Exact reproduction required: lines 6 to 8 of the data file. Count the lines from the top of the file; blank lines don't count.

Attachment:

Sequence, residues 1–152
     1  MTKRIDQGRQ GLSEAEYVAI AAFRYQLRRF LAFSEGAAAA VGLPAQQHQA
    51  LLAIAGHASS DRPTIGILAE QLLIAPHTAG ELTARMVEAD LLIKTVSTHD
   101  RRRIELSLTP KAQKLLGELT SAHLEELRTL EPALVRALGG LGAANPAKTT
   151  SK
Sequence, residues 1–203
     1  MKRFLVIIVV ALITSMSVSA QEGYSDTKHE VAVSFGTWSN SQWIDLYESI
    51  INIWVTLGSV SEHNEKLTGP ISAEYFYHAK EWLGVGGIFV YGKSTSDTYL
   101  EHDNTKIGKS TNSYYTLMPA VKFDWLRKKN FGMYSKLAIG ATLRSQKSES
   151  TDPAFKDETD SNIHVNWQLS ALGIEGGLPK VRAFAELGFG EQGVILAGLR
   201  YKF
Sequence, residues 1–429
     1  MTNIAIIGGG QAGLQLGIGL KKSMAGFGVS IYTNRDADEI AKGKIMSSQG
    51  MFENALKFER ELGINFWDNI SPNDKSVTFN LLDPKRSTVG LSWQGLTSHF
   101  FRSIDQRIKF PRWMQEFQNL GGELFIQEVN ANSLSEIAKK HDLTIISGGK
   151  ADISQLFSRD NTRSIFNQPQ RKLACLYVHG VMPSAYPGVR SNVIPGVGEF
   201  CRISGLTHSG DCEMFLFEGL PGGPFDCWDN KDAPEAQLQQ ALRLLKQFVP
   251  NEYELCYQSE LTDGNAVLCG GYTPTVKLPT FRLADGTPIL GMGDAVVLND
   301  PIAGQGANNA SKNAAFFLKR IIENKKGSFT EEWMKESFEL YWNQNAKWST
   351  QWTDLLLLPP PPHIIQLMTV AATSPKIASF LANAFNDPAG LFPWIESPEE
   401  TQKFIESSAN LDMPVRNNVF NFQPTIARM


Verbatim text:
Sequence, residues 1–203
     1  MKRFLVIIVV ALITSMSVSA QEGYSDTKHE VAVSFGTWSN SQWIDLYESI
    51  INIWVTLGSV SEHNEKLTGP ISAEYFYHAK EWLGVGGIFV YGKSTSDTYL